Originally published in MMAC Monthly, October 2013
By Jeffrey V. Smith
PEAK TO PEAK
The Great American Beer Festival is one of the most renowned competitions in the craft brewing industry and recognized worldwide as a symbol of brewing excellence. The GABF competition honors 84 beer style categories with gold, silver and bronze medals and in 2013, an estimated 4,600+ beers will be judged by close to 200 judges from around the world. Many of the breweries along the Peak to Peak attend the event and enter their brews into the competition. It can be good for business to take home an award, but more than anything, the breweries go to raise awareness of their beer and hype their hometowns.
The Estes Park Brewery is sending its top brands like Stagering Elk Lager, Chocolate Moose Chocolate Stout, Stinger Wild Honey Wheat, a Scotch ale and their wet hop IPA, which uses 100 pounds of fresh Chinook hops from Pagosa Springs and has an “in your face” hop aroma and taste.
“We attend the festival to get our name out there,” Estes Park Brewery’s Main Brewer Ben McCleary said, “and promote Estes Park a little bit. We want people to know if they are visiting the National Park, they can stop in for a cold one and kill two birds with one stone.”
Oskar Blues Brewery, founded in Lyons, is a massive sponsor of the event and always does GABF in grand style. They purchase an oversized booth, have giveaways and otherwise heavily promote their canned beers. The brewery also has a bus tour from the Denver event to its Boulder County locations. Unfortunately, the Lyons location is no longer involved because the town is inaccessible and without utilities through October. Read about other Oskar Blues events and flood assistance in this paper.
The Very Nice Brewing Company in Nederland celebrates its first year in business by attending its first GABF with its Gruit Ale and Steffie’s Heffie.
Greener’s Gruit Ale is a unique, ancient style. Little known about it and it is being reinvented rather than brought back, according to Brewer Jeff Green. It pre-dates the use of hops in medieval Europe and is only bittered with herbs. Steffie’s Heffie, on the other hand, is a light, crisp beer brewed with wheat and complimented by Pilsner malt.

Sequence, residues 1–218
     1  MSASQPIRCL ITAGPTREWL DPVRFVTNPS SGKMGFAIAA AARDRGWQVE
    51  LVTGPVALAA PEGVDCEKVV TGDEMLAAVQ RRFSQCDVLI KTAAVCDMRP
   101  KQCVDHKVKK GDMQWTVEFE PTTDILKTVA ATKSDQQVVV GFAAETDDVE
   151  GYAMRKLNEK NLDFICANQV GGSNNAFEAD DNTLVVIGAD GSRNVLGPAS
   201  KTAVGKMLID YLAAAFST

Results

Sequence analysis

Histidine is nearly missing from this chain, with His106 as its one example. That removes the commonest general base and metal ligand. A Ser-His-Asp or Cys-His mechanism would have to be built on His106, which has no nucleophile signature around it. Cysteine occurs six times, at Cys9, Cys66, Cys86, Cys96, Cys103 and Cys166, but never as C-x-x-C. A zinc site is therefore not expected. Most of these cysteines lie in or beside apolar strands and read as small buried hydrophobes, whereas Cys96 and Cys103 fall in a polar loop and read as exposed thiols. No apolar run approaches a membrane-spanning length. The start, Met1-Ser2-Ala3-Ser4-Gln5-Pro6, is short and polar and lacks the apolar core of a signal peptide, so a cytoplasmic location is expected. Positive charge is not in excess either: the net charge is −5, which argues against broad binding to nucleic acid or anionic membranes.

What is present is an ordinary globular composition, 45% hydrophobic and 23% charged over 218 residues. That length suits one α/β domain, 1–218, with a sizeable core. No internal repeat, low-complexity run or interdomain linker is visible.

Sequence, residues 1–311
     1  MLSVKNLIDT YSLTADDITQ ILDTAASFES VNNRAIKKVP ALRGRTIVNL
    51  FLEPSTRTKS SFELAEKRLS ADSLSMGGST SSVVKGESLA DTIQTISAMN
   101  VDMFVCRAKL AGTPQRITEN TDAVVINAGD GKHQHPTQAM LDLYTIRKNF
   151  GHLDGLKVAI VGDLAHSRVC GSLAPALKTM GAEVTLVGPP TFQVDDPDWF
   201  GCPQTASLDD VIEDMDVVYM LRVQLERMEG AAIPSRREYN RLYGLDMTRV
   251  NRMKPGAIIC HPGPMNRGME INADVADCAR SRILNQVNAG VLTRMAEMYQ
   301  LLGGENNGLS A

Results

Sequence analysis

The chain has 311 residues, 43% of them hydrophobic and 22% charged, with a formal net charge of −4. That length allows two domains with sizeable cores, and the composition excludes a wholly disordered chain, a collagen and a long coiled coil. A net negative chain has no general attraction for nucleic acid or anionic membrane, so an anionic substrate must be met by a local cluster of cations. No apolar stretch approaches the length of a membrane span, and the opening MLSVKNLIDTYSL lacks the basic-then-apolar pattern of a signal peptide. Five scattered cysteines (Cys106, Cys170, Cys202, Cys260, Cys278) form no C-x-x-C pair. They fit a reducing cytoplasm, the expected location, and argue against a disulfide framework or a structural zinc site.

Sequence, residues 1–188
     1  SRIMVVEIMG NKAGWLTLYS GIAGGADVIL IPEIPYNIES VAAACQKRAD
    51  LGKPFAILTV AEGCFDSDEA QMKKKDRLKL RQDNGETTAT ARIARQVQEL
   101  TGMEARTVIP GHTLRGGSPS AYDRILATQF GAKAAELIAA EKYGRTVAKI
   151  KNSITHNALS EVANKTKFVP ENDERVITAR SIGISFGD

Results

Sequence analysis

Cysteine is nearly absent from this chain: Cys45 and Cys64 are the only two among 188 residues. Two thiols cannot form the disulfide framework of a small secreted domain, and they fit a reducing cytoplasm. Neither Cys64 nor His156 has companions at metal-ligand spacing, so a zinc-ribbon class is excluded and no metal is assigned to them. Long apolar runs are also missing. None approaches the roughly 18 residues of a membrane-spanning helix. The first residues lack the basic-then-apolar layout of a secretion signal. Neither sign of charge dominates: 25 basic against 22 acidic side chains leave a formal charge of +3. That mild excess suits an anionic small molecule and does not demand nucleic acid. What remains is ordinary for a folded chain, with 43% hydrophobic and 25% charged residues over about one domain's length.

Attending the GABF is “the realization of a dream” for the Greens. “We have both been volunteers at GABF, as pourers, and to attend as brewers is a validation for us that following one’s passion is possible,” owner Susan Green said. “Of course we would be elated to win a medal, but just being there and exposing as many folks possible to what we are passionate about is, in itself, a huge gratification. Sharing our beer with those who are so in love with the craft is a privilege and an honor and we could not be any prouder to do it in our home state.”
Dostal Alley in Central City is another long-time attendee. Unlike many, brewers Buddy Schmaltz and Dave Thomas always pour their own beer at the event. “We like to hear comments from people that have never tried our beer,” Thomas said. “Many people don’t know Central City has a brewery, and promise to come up to visit.”
This year they are taking their Pub Ale, which won a silver medal in 2001; Summer Ale; Shafthouse Stout, which is a double medal winner from 2008 and 2011; 1874 Smoked Porter; and “Lew,” a first-time German Altbier entrant named for Lew Cady who passed away Aug. 4. It has triple the amount of Central City wild hops, many picked from the hillside in front of Lew and Leslie Cady’s home.
“This beer is an improvement of our local-favorite Jacob Mack Brown Ale recipe and was renamed ‘Lewis Cady Mack Get Well Altbier’ while Lew was in the hospital,” Thomas explained.
In Idaho Springs, Tommyknocker is also preparing for the event. They, too, get a large booth and really promote their beers. The brewery is taking its Jack Whacker Wheat, Butt Head Bock, Black Eyed Pea and the latest batch of IPA Nouveau.
“Winning medals is good for marketing, but we also work on exposing the brewery to people to increase beer tourism and excitement for our brands,” Director of Brewing Steve Indrehus said.